Here are 15 of the best tips to make the most of your direct mail campaign.
1) Select the right list. An inferior mail campaign sent to a good list can make money, but even brilliant mail sent to a bad list will fail every time. Lists of your own current and past customers, called house or in-house lists, generate the highest response rates. Direct response lists consist of people who have responded to other offers resembling yours, and get the second-highest rate of response. Compiled lists use resources such as directories to identify prospects with specific demographic characteristics, and tend to generate the lowest rate of response. Cloned lists seek to compile contacts with characteristics duplicating your current customers. When using a mailing list, understand what type of list you’re using. If you rent a list, choose a reputable broker, and know which type of list they’re renting you.
2) Update your mailing list. According to the National Change of Address (NCOA Link) that is maintained by the US Postal Service, at least 15% of the average mailing list becomes outdated every year.
3) Watch out for distractions. As a marketer, you need to look for anything in your piece that will distract potential customers from your offer, message, or product.
4) Present a call to action and an offer. One of biggest mistakes is burying (or not including) a call to action. Tell your prospect exactly what you want him to do. Offer a coupon or discount.
5) Be consistent and commit. Consumers rarely get multiple pieces from a business. Hit your prospects with different communications about the same thing, or with different products with the same look or feel, or both. This sort of persistence reinforces your presence and adds credibility to your brand.
6) Measure and test the results. Change the strategy of your design and measure the results of all your mailings. Vary the message and determine which produced the best results. Make this message the standard to beat for all future mailings. After poor list choice, the second-biggest mistake most direct mail campaigns make is failing to track results.
7) Include your return address. A return address ensures you’ll get returned mail from the post office and sends a message that you’re an established professional.
8) Go bold. Choose a clear, bold headline and a color that pops for maximum notice. The headline must instantly communicate what you’re selling and be large enough to be seen at first glance.
9) Contact information – phone number and website. Provide your name, phone number and web address directly following the call to action. It’s found that over 85% of people will visit your website first, so make sure it’s prominent on the card. Also, placing a happy photo of you or your staff makes the communication personal.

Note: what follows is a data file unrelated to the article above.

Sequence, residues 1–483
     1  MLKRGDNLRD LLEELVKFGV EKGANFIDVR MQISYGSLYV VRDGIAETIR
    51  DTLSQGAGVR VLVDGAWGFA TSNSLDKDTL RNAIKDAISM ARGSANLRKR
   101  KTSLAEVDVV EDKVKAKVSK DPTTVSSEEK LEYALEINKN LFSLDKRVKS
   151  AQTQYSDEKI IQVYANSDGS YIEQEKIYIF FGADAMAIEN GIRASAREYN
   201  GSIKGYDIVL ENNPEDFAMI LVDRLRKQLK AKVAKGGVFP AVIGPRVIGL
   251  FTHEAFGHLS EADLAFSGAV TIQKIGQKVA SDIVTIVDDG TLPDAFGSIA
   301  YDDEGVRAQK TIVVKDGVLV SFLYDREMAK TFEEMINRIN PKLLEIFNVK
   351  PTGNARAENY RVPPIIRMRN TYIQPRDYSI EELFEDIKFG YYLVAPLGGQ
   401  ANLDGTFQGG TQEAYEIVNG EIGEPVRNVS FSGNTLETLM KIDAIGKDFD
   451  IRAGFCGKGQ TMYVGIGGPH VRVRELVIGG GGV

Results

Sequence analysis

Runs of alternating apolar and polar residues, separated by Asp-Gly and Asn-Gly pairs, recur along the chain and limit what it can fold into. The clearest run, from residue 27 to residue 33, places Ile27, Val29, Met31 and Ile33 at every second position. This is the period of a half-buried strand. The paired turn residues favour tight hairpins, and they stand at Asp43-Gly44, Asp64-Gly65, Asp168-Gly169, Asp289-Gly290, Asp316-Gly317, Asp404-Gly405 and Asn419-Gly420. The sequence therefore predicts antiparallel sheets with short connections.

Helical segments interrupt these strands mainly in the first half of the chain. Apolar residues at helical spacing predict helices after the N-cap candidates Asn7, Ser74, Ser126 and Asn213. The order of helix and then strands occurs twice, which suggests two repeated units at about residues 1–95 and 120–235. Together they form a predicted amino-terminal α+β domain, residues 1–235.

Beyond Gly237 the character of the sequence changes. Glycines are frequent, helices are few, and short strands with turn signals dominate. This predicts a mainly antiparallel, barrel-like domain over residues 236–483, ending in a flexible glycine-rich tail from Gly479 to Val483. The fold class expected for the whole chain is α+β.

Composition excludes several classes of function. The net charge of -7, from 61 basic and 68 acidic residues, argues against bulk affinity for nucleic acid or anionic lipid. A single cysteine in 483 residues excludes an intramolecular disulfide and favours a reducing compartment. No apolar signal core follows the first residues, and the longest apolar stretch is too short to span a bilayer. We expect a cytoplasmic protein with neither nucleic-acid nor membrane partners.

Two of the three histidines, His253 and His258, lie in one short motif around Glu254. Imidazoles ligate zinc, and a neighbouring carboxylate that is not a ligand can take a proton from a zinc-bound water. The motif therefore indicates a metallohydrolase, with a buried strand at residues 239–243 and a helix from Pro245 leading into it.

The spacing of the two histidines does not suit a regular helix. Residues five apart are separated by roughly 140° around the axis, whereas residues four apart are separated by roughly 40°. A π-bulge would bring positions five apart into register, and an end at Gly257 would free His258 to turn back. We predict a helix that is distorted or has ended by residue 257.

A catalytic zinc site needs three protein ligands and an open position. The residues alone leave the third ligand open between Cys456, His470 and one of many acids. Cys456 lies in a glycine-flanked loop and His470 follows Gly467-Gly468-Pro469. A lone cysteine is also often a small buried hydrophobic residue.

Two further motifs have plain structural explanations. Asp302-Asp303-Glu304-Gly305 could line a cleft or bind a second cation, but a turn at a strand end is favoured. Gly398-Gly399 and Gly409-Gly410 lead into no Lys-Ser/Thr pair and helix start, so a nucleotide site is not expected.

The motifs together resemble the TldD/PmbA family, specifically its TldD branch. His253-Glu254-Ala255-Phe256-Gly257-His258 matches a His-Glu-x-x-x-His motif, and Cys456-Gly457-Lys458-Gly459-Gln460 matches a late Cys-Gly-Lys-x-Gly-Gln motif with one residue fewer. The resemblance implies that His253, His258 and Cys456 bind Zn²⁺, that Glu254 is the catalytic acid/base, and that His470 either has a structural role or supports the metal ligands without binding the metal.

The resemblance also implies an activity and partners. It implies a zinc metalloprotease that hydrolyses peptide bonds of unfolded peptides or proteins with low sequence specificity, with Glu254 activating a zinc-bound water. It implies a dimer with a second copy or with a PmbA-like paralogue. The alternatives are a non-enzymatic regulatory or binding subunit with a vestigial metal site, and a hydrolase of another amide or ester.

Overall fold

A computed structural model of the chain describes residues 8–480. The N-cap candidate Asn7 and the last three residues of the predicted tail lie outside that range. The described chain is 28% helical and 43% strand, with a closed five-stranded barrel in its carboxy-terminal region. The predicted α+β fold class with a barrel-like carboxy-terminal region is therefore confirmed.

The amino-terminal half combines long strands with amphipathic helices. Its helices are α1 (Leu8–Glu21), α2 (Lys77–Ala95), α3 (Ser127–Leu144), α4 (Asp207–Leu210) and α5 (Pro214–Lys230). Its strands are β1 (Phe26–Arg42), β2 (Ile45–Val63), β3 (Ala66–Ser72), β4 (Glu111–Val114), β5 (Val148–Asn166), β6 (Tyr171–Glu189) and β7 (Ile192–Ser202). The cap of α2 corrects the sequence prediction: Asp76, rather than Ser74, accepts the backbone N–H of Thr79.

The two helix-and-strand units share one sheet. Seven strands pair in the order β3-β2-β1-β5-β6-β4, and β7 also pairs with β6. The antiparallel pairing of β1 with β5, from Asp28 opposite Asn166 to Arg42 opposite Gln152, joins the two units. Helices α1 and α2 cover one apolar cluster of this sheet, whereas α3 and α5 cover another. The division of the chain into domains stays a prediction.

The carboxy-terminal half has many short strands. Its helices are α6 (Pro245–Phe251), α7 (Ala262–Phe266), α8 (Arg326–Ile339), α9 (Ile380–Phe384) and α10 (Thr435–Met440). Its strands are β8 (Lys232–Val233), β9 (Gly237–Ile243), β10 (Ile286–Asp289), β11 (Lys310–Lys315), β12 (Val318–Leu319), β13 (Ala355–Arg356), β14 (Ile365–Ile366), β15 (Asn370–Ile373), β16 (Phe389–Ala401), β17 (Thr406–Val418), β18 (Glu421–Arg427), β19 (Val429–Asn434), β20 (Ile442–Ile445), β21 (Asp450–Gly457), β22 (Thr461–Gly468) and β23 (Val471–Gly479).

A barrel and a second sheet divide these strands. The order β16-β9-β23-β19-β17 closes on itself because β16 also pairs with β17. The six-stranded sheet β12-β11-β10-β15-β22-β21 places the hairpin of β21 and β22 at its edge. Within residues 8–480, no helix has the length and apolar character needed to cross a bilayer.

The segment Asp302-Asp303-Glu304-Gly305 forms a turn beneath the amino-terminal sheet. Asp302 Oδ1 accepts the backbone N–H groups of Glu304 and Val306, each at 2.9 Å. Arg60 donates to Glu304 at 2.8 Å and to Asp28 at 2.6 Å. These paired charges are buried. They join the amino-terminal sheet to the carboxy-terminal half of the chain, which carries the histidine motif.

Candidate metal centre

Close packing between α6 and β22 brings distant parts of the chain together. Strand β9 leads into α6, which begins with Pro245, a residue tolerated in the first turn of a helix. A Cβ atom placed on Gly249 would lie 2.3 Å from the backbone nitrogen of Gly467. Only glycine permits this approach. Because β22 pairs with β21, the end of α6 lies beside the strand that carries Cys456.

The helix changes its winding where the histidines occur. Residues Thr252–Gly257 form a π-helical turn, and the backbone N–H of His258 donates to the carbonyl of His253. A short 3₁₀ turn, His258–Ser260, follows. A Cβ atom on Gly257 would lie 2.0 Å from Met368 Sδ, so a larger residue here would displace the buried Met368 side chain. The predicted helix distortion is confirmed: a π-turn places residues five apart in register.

10) Use your company name or logo. This is important, but shouldn’t overshadow your offer. Customers care most about what you can do for them.
11) A graphic that supports the message – but doesn’t detract from it The graphic should be very easy to understand and complement the headline. For instance, to promote refinances, you can show a house with money spouting out of it…Another option is a short message that doesn’t allow for a graphic, for example, “GOT MILK.”
12) Fully develop your “real estate” to sell the sizzle. If you have a flashy, desirable product, you can crank up the excitement by using every square inch of your mailer, front and back. Show the product.
13) Consider involvement devices. Stickers, tokens, stamps, coins, scratch-offs, lift-up tabs, attached notes, seals and other widgets can be used to good effect if you have the budget, if they can boost response enough to justify the added cost, and if they fit with the feel of your message.
14) If you’re mailing to a business, use a low-key approach. Most business-to-business mail is intercepted by a secretary, assistant, or mail room. If it looks too much like advertising, it may get trashed. You stand a better chance of reaching your prospect if your envelope looks personal, important, and businesslike. Less is also more for offers that may meet some resistance at first glance and need more selling, which is best done in a letter.
15) If you use a blank envelope, make it completely blank. Not a single word of teaser copy. No graphics. Perhaps not even your logo. Just put a street address in the upper left corner and your delivery address. You might include the letter signer’s name in the corner card, particularly if that person is well-known. This makes your mailing look personal and is almost certain to get opened. Envelopes are the “red-headed step children” of direct mail. They seem simpler and less important than they really are. Sometimes, you can boost your response by simply improving your envelope.